In context: When it comes to video game AI, we tend to think of it in terms of how the computer-controlled enemies and NPCs react to our actions. But what if AI drove the narrative as well? Imagine an open world with endless possibilities generated by machine learning algorithms.

Artificial intelligence creating the narrative on the fly in a video game would genuinely open up the possibilities of real non-linear gameplay. If it could not only create the story, but also learn from the player's actions, the game could become a sandbox of infinite possibilities, with each playthrough being completely unique. Such a vision is creeping a little bit closer to reality with a text adventure game called AI Dungeon 2.

AI Dungeon 2 was developed by Nick Walton using an open-source text-generating algorithm created by OpenAI. He trained the AI by feeding it choose-your-own-adventure stories from the Choose Your Story website.

The game plays a lot like a text adventure game (TAG) from the 1980s, such as Zork. The difference here is that you can pretty much do whatever you want. Old-school TAGs limited players by only allowing them to go in specific directions, perform a small number of actions, and had very linear storylines. AI Dungeon 2 throws all that out the window by responding to virtually anything the player types.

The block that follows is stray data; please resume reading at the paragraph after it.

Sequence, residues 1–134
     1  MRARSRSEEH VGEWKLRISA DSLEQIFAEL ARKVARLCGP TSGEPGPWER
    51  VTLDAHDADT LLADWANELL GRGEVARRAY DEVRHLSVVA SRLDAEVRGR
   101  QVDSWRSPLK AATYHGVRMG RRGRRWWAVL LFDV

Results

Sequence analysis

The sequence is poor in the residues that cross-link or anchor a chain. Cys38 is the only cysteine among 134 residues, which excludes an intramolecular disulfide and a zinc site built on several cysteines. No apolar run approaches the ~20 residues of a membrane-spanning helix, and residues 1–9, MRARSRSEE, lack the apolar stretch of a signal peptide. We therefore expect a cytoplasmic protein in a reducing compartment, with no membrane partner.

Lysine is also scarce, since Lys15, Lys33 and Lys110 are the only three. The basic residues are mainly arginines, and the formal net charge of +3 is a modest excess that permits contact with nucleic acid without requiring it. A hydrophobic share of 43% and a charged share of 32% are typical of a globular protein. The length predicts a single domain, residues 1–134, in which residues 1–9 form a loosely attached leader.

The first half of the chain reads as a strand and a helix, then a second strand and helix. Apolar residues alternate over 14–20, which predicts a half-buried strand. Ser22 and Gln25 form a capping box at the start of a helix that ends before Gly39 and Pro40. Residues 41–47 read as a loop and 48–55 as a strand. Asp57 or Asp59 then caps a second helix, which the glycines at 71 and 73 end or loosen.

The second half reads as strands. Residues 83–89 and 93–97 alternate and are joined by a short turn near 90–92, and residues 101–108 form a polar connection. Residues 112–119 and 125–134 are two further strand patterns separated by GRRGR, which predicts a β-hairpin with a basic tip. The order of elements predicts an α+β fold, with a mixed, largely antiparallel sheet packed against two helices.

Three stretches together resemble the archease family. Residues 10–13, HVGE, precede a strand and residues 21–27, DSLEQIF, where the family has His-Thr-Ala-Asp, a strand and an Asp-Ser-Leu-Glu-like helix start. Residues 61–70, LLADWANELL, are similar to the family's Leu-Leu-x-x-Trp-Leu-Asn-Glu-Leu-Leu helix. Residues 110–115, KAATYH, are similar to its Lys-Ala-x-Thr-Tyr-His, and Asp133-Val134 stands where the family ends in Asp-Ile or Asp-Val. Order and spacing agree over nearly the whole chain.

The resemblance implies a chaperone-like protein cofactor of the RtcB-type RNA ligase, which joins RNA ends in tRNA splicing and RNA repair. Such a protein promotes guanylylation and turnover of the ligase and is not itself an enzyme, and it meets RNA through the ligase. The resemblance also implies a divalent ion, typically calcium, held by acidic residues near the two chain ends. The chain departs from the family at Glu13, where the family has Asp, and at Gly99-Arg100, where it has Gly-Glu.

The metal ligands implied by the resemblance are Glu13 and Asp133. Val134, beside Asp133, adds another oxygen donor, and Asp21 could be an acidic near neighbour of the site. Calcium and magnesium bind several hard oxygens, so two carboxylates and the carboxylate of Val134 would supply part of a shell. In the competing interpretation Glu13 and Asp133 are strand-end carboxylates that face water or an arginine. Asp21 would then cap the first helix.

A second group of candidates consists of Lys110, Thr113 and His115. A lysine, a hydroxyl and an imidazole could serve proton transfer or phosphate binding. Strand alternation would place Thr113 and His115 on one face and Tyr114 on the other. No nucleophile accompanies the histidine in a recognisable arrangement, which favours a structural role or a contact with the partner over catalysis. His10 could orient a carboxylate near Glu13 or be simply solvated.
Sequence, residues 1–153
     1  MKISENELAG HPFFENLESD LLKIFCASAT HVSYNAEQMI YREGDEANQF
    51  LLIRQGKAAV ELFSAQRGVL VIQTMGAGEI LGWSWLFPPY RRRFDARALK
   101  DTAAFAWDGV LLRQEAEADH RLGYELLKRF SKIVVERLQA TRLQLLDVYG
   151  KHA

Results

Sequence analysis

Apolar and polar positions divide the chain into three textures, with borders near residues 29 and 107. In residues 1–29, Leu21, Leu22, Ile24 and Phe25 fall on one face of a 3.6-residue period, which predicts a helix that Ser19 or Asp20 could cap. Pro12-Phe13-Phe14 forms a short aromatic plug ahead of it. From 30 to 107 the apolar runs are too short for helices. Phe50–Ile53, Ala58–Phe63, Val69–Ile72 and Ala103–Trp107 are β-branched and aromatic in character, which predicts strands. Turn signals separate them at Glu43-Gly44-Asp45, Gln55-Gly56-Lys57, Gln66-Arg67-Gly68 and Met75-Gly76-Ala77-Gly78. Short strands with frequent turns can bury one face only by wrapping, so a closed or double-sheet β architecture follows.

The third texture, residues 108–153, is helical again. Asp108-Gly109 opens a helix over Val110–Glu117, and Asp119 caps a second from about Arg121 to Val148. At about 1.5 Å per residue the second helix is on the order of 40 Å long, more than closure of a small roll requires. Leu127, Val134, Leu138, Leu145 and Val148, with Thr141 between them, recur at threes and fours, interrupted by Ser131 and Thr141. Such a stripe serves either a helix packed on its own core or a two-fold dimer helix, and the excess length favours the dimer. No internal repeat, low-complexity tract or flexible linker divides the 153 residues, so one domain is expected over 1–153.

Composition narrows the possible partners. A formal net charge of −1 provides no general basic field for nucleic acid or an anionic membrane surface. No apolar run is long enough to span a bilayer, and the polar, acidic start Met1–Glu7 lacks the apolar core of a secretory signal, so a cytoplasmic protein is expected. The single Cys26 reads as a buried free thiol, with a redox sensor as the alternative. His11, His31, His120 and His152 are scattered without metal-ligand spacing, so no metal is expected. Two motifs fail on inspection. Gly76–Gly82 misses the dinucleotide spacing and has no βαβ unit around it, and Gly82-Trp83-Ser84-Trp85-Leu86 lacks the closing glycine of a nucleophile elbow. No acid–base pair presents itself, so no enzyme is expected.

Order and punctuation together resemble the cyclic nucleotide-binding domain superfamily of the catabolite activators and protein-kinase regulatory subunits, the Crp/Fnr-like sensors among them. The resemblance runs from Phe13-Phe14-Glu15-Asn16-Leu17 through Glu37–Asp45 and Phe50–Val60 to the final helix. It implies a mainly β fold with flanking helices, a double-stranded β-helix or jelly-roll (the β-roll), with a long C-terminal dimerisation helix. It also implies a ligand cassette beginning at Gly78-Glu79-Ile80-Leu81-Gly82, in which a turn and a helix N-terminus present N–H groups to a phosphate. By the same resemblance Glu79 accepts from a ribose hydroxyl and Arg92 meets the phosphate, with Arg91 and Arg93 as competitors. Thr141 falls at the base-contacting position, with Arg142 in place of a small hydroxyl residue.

Walton said that the game took him hundreds of hours to create, but it was "completely worth it."

"AI Dungeon 2 is a first of its kind," he tweeted. "[A] completely AI-generated text adventure that allows you to enter any action you can imagine."

Users start by picking the type of adventure they want to play. Genres include mystery, apocalyptic, zombies, and fantasy. Fantasy is recommended because it is presumably the most polished of the styles with more stories of that type having been fed into the AI.

Next, players will choose a character type and enter a name. From there, the AI takes over and provides descriptions of the setting. As you can see from the above screenshot, I got a little bit stabby right off the bat (really, I'm a nice guy). Things quickly got weird as the person I stabbed died but didn't die. Wait. What?

AI Dungeon 2 is not without its flaws. My first adventure came to a screeching halt when the algorithm threw an exception error after only about five or six turns. Of course, in college, I was notorious for finding bugs and breaking classmates' programs, so your mileage may vary.

If you decide to try it out, be patient at the beginning as it does take a minute or two to load. It is an amusing diversion worth a look.